Whether you and your friends and family celebrate Christmas, Hanukkah, Kwanza, or all three, the holidays can be times of difficult stress and depression. This is the reason The Center for Natural and Integrative Health is bringing you a Survivor’s Field Guide of Tips to beat holiday stress in the next two blogs.
In addition to all the normal stress of working a job and nurturing a family, you are over-loaded with the stress of family events, parties, shopping, cleaning, entertaining and fighting the holiday traffic. We hope the little holiday anti-stress tips will help you to cope with the demands of this time of year.
Three Top Survivor’s Tips
One of the key strategies to managing holiday stress is to prevent it before it becomes all-consuming. Once the stress has built up, you can be very frustrated trying to use damage control. However, if you work at preventing stress and depression, in the first place, you have a better chance at holiday survival.
This is an especially important strategy if you already know the holidays have brought you tension and sadness in previous years.
With this strategy in place, let’s look at some hints that might bring you enjoyment instead of pain with the holidays. In fact, the American Psychological Association (APA) found that “nearly half of all women in the United States experience heightened stress during the holidays, which puts their health at risk. The APA also learned that during this time, 41 percent of women use food and 28 percent use alcohol,” to ease stress.
1. Time Management Is the Survivor’s Friend:
Making a calendar in which you designate certain days and times for visits with friends, for shopping, cooking and special activities will help you avoid the kind of jumbled last-minute rush that jangles anyone’s sanity. Likewise, looking at a plan will help you cope by avoiding over-scheduling your hours.
2. Take Some “Me” Time:
The Mayo Clinic suggests “Take a breather. Make some time for yourself. Spending just 15 minutes alone, without distractions, may refresh you enough to handle everything you need to do.”
The amazing part of this tip is that choices for what you do with “your” 15 minutes are different and unique to each person. You must find a special activity that reduces your stress; you need only 15 minutes a day for it. Here are some of the suggestions that have worked for our patients:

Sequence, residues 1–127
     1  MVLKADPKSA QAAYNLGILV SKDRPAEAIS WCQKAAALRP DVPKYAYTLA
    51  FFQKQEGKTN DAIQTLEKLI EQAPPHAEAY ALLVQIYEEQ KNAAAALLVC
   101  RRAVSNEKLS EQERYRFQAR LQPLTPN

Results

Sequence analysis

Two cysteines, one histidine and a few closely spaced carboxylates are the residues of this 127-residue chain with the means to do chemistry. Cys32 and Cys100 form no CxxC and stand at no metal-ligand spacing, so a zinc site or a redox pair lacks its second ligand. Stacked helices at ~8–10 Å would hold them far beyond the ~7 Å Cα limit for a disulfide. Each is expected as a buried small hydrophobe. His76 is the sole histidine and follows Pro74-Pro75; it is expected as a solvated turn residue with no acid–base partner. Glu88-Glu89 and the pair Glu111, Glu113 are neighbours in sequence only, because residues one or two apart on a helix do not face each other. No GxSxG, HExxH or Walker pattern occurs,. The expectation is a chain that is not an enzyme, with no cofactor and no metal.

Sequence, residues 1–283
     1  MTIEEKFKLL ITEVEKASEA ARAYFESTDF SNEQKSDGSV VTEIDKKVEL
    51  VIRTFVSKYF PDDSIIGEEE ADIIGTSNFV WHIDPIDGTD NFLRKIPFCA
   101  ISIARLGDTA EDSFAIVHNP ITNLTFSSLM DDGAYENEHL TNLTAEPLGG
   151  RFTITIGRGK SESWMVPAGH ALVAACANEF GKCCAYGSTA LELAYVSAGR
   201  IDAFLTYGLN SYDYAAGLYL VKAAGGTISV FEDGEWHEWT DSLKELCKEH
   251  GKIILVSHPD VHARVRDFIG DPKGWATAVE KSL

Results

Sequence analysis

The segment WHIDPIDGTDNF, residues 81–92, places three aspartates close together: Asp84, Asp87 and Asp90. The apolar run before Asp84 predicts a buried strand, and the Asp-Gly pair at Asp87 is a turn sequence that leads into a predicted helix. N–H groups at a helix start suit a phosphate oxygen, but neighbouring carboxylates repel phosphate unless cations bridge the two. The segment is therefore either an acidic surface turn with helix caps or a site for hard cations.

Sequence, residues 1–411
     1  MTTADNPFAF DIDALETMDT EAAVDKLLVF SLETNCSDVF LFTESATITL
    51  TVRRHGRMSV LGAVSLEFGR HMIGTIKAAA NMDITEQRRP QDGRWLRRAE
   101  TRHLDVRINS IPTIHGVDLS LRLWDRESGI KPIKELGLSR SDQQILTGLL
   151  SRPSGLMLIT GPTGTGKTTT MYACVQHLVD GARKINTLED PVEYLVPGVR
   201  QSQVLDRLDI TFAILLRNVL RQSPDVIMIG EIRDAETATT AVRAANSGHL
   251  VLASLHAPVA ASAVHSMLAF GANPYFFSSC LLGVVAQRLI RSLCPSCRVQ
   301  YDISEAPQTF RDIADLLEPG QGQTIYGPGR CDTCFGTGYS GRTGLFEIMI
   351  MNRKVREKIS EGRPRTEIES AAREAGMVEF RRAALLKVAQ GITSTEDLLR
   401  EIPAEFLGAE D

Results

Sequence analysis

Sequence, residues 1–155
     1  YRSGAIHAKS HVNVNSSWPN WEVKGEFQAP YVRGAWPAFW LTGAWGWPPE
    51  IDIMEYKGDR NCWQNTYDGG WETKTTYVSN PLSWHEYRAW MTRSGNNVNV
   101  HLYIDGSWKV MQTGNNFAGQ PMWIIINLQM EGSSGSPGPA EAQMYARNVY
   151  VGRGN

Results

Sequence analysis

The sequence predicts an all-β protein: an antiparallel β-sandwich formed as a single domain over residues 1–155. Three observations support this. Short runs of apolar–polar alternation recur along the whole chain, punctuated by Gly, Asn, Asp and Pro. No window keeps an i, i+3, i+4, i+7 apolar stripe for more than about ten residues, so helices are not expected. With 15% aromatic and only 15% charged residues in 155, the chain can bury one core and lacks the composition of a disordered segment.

a. Yoga and Breathing Exercises might restore your sense of balance. If weather is forbidding, then perhaps your stationary bicycle or treadmill can be placed by a window.
b. Take a walk and star-gaze to relax your mind. (This only works if you concentrate on the stars, not your worries.)
c. Turn on music that soothes and relaxes you.
d. Enjoy a massage.
e. Set aside this time to read a special book.
3. Don’t Be Overwhelmed By Temptations:
By this we mean that, if you have worked hard to cultivate good eating habits, avoid being pressured into giving them up. If you give up on dieting or drink excessive alcohol or lapse back into smoking, these actions will only lead to guilt. Guilt is the first stepping stone to stress and depression. Here’s our primer for a healthy holiday in spite of peer pressure:
a. Eat a light meal before going to that holiday party. This helps you avoid sweets, cheese and sugar of all kinds.
c. Do not abandon your physical routine. If you normally take a walk or do a selection of exercises, or other physical activity, maintain it.
We will be bringing you three more great stress reducers for the holidays next week. A recent report in Psychology Today stated, “Unless you lean on effective relaxation and self-love techniques, as well as positive self-talk, all your worries may trigger overeating or binge eating, overloading on alcohol, arguments with your loved ones, skipping regular exercises, not getting enough sleep and neglecting your needs.” At the Center for Natural and Integrative Medicine, we believe a healthy lifestyle is the best gift you can give to yourself. Find out more about the effects of holiday stress at this online source.
With our Holiday Stress Survivor’s Guide, we think you might even enjoy, rather than just survive, the holiday preparations as well as the holidays!
Find more information about holiday stress busters at this helpful online resource.
Thank you for reading our blog this week, and we hope you will return for part II next week!